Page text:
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Approving Rosebank oil and gas field would be ‘death sentence’ say activists

If approved, it would lead to around 500 million barrels of oil being produced, with the Government saying it is necessary for energy security.

Approving the Rosebank oil and gas field in the North Atlantic would be a “death sentence”, climate activists have said.

Regulators are considering granting the Norwegian company Equinor permission to begin exploiting one of the largest reserves of fossil fuels in the region.

It would see up to 500 million barrels of oil pulled out over its lifetime with many scientists and campaigners voicing their opposition to the project in recent weeks.

Speaking at the Southbank Centre’s Planet Summer festival, the group of young activists that included Greta Thunberg and Mya-Rose Craig, said development of the oil field would exacerbate the destructive effects of climate change such as heatwaves and wildfires experienced in many parts of the world this summer.

Climate activist Tori Tsui said: “There are fires raging across the world, this is the hottest summer ever recorded.

“All the while our energy security and net zero Minister Grant Shapps says that we need to max out our oil and gas reserves. It is a death sentence.”

The Government and Offshore Energies UK, which represents UK oil and gas companies, have said extracting fossil fuels in the North Atlantic and North Sea is more environmentally friendly than buying it from other countries because it would save emissions on shipping.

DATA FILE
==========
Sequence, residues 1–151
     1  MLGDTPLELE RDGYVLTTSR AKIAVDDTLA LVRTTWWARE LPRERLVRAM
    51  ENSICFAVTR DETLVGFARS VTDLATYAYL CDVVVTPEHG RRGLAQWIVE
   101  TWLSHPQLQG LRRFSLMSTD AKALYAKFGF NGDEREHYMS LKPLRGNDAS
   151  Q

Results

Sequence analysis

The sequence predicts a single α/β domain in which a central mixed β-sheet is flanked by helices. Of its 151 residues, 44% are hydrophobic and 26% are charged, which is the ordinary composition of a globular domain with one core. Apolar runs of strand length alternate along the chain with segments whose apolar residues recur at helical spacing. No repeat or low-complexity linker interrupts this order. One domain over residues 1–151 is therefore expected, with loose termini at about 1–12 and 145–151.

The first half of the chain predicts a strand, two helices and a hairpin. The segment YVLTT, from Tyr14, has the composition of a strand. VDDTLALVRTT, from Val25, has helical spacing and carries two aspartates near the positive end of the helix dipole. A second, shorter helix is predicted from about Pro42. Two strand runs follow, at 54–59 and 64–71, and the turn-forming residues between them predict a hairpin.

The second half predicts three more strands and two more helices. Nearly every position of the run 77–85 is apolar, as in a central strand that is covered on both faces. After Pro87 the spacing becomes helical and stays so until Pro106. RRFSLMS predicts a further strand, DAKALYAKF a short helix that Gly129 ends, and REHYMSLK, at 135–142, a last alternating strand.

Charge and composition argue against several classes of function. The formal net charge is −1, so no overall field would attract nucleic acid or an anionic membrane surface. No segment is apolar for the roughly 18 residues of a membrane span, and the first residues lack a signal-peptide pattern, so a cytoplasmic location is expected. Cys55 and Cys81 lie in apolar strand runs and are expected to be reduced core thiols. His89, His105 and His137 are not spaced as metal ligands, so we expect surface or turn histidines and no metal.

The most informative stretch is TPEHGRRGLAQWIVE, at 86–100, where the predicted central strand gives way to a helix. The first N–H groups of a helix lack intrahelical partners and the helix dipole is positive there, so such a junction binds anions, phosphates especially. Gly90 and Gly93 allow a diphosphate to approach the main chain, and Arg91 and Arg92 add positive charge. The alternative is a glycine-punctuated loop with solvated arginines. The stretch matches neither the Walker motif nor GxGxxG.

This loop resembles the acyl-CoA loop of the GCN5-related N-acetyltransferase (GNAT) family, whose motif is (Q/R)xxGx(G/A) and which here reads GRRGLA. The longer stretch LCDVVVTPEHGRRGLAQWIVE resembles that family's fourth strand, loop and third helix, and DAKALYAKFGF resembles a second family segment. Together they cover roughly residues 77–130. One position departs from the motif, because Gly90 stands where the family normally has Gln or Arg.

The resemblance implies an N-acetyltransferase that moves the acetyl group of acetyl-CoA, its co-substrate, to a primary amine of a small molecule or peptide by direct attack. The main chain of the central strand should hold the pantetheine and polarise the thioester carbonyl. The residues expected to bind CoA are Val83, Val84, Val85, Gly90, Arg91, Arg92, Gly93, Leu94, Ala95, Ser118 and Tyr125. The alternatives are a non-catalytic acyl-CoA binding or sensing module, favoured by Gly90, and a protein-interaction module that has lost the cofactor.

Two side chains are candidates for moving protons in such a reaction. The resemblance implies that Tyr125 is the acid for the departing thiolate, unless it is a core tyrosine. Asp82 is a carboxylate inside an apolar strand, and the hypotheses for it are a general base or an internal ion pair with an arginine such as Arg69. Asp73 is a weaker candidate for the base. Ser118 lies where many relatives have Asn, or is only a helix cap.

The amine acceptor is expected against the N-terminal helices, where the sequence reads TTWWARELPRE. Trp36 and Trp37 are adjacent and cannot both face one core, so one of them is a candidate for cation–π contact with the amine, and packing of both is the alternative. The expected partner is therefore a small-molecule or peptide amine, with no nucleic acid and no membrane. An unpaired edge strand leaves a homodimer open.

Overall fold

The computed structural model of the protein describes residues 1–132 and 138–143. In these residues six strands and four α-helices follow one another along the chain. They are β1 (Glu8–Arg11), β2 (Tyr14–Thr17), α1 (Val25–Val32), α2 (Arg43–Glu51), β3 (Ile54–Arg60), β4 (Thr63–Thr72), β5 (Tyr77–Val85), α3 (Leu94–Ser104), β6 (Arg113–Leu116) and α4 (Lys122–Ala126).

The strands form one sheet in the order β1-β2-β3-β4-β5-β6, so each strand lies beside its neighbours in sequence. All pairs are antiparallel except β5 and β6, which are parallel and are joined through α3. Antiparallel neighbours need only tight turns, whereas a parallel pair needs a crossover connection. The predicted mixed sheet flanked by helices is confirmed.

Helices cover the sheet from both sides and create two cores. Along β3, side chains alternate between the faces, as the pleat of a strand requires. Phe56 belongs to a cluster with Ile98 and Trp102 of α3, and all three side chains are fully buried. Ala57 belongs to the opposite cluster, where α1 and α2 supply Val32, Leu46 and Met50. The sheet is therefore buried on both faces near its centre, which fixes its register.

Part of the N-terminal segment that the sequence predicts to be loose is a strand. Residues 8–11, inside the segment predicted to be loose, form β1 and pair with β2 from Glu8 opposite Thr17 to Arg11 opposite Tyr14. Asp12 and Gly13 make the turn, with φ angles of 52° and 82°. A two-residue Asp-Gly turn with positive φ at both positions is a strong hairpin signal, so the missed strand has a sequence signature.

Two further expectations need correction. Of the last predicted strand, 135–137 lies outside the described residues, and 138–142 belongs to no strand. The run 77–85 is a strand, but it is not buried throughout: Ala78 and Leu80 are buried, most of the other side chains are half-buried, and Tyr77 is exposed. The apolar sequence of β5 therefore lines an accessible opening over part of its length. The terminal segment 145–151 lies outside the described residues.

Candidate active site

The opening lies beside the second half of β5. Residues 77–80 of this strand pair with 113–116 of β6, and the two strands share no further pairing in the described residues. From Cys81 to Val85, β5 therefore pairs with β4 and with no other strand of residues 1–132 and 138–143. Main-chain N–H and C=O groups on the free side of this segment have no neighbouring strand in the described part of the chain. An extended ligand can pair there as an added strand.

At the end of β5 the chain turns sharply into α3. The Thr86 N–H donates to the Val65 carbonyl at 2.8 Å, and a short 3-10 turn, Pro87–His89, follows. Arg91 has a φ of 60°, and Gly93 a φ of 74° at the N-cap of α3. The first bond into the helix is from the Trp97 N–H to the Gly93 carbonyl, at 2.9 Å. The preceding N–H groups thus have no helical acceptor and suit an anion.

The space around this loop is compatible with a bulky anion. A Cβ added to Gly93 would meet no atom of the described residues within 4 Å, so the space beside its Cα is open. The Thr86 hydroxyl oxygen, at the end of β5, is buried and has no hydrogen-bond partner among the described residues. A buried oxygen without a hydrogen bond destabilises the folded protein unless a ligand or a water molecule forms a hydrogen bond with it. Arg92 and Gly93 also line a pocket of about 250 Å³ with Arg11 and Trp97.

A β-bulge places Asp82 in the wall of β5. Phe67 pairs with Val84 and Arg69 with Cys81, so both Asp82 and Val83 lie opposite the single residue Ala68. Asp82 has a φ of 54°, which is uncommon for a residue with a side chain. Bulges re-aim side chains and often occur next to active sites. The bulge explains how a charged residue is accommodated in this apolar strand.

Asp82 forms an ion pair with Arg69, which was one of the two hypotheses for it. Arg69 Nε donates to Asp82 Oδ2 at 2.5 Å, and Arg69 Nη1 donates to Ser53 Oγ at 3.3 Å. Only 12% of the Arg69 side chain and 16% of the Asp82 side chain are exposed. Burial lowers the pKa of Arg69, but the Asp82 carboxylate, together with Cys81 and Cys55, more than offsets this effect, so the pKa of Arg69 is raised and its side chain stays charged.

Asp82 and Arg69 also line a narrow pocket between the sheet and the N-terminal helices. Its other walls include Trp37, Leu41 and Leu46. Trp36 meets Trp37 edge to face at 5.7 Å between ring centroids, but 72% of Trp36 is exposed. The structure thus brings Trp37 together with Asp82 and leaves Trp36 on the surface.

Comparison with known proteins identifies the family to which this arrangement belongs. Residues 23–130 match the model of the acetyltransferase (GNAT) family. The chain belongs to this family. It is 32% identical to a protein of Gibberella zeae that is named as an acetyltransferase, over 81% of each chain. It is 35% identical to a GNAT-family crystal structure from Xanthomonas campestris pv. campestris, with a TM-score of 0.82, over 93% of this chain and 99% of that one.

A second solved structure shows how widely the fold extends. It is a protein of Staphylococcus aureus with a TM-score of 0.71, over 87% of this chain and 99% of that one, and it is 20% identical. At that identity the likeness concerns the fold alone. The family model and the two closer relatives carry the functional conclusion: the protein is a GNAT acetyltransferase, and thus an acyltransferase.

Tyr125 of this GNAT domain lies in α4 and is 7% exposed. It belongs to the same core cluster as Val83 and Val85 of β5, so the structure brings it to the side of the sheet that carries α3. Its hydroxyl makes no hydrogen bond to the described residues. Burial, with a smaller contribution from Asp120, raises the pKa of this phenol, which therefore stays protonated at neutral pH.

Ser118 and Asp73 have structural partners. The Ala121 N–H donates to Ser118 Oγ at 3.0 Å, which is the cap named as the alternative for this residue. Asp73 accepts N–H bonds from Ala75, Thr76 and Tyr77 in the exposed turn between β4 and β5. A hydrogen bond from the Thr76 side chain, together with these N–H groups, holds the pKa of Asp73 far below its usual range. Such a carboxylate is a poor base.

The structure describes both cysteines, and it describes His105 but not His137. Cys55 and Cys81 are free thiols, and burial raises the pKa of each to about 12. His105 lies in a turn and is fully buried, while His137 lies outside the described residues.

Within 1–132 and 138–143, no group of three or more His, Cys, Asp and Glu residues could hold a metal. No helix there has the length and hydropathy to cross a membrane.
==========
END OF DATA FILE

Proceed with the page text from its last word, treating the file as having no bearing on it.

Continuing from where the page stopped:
Climate change minister Graham Stuart has repeatedly expressed his support for continuing to exploit the North Sea’s “declining basin” in preference to buying oil and gas from other countries.

Critics, including shadow climate change secretary Ed Miliband, said up to 80% of Rosebank’s oil would not be sold to the UK.

The North Sea Transition Authority has this month delayed its decision on whether to approve Rosebank, reportedly because of concerns that its operations emissions may not be compatible with the Government’s net zero target.

On Friday, the group of activists protested outside the office of Mr Shapps, urging ministers to block its development.

Ms Thunberg, who attended the demonstration, told a packed-out audience in the Royal Festival Hall it was her 258th week of protesting.

When asked how to make sure phasing out fossil fuels is on the agenda at the upcoming climate change conference Cop28, she said: “Raise our voices. I mean, that’s all we can do.

“We’re not the ones in power. The ones in the world with the most powerful voices, with the most resources, are the ones who are destroying the world.”

Ati Viviam Villafaña, from the Arhuaco people of Sierra Nevada de Santa Marta in northern Colombia, said that if we put all our hopes in stopping climate change at Cop28 we are “wasting our time”.

The UK Government, two years after hosting the UN climate conference in Glasgow, has begun reviewing its environmental policies after the narrow Conservative by-election win in Uxbridge and South Ruislip, where the Ultra Low Emission Zone (Ulez) was considered a deciding factor.

Prime Minister Rishi Sunak criticised Labour leader Sir Keir Starmer for changing his policies on the basis of recent headlines after reading headlines about Ulez being an electoral asset for the Conservatives.

Ms Craig, who has been an activist since she was 11 and founded a charity at 13, said she has been writing to Jacob Rees-Mogg, her local MP, about environmental issues.

She told the Southbank audience: “I’ve been writing letters to him. I think he must hate me. I’ll say, I saw you voted about this, we’re not happy about it.

“Because I think we need to remind our Government that this is an issue that is make or break for a lot of people.”

The hour-and-a-half talk finished with the group unveiling the same pink StopRosebank banner shown at their central London protest on Friday.

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